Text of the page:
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Motivation in Pulmonary Rehabilitation.

Bevan-Smith, Elaine (2008) Motivation in Pulmonary Rehabilitation. PhD thesis, Coventry University in collaboration with the University of Worcester.

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Abstract

Pulmonary rehabilitation is a highly evidenced intervention used in the management of patients with chronic obstructive pulmonary disease. Both patients and healthcare professionals have anecdotally acknowledged motivation as a key element in a programme. It has been suggested by some authors that motivation should be a prerequisite to entry, yet there is no evidence to support this suggestion. The purpose of this study therefore, was to provide some theory about the role of motivation in pulmonary rehabilitation and to produce a measurement instrument to enable further quantitative study. Methods A qualitative, exploratory investigation using focus groups and face-to-face interviews with patients undergoing a pulmonary rehabilitation programme was undertaken to generate data around factors influencing motivation. Results were used to develop a 43 item self-report questionnaire. The questionnaire was administered to 77 patients before and after a pulmonary rehabilitation programme along with other health status measures. The questionnaire was tested for reliability and validity. Item reduction was performed using factor analysis. Results Motivation within the context of a PR programme was shown to consist of a number of psychological, social and circumstantial variables that fell into 3 broad dimensions: Essential motivation, external motivation and functional outcome. A key finding was that attending pulmonary rehabilitation had an enormous positive influence on the patients’ essential motivation. The questionnaire was reduced to 21 items and principal components analysis demonstrated 9 factors within the questionnaire. These were function, self-efficacy, effort, optimism, tenacity, self worth, isolation, ability and achievement. The questionnaire was named the Malvern pulmonary rehabilitation motivation questionnaire (MPMQ) for identification. The MPMQ was shown to be reliable with internal consistency, reproducibility on test-retest and sensitivity to change. Correlations were found between the MPMQ and health related quality of life, anxiety and depression, breathlessness, exercise capacity and hospital admissions during the previous 12 months. Motivation score was significantly lower in patients who dropped out of the programme and was significantly higher at the end than the start of a programme. Conclusion The MPMQ has been shown to be a reliable tool with sound evidence of validity that can be used to objectively assess patients’ motivation within the context of a pulmonary rehabilitation programme. These findings need to be supported with further evidence for the validity and reliability of the questionnaire. Further investigation of the association of MPMQ score and adherence in pulmonary rehabilitation is needed along with further exploration of the determinants of motivation. This would enable specialist staff to identify patients who are likely to have adherence problems and channel efforts into effective cognitive-behavioural interventions in the ongoing effort to establish the optimum pulmonary rehabilitation programme.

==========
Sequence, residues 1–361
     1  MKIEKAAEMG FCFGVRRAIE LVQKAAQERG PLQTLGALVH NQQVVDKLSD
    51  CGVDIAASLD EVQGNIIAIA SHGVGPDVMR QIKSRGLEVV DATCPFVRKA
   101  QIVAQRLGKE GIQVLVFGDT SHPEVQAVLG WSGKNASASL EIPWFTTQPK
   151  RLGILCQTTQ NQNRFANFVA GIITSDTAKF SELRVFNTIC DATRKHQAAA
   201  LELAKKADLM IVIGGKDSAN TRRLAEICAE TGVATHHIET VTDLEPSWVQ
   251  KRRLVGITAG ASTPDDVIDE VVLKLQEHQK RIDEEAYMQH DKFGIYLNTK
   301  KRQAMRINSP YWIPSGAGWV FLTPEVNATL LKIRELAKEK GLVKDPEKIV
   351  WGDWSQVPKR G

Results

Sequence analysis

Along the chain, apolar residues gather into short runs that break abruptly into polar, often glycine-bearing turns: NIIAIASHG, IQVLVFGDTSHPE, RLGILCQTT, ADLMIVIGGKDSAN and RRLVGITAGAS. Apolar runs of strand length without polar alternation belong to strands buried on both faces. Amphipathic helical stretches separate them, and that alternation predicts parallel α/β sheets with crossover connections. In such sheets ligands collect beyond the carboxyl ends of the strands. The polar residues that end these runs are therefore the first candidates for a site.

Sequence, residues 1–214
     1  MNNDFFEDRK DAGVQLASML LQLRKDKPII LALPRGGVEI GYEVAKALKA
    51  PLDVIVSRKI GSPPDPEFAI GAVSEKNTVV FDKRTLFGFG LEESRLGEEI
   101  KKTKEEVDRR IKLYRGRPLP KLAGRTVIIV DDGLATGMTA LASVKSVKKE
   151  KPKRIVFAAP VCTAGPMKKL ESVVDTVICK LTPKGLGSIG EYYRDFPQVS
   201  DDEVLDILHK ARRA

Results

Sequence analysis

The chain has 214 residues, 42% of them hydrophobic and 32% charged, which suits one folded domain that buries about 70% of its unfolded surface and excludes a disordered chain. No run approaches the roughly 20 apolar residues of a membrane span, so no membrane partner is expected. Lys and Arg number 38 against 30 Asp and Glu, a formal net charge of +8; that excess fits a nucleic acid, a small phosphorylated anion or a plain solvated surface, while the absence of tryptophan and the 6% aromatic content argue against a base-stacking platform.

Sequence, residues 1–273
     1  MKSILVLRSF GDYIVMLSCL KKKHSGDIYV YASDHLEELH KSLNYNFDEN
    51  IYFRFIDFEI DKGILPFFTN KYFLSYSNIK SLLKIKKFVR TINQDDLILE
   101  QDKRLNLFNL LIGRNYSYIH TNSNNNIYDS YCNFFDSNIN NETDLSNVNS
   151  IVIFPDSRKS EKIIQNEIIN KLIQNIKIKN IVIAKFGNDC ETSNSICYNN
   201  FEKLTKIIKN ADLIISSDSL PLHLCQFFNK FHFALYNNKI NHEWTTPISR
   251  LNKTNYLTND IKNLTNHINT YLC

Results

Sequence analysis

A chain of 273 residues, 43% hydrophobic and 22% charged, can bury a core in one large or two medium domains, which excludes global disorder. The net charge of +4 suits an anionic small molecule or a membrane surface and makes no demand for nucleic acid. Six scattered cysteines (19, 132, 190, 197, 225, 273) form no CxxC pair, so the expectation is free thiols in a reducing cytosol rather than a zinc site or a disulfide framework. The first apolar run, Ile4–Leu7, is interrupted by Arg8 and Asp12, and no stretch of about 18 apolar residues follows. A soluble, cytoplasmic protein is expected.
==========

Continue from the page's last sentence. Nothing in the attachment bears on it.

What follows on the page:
Item Type: Thesis (PhD)
Uncontrolled Keywords: pulmonary rehabilitation, motivation, chronic obstructive pulmonary disease
Subjects: R Medicine > RD Surgery
Divisions: Academic Departments > Institute of Health and Society
Depositing User: Janet Davidson
Date Deposited: 11 Dec 2008 12:01
Last Modified: 31 Mar 2010 05:01
URI: https://eprints.worc.ac.uk/id/eprint/528

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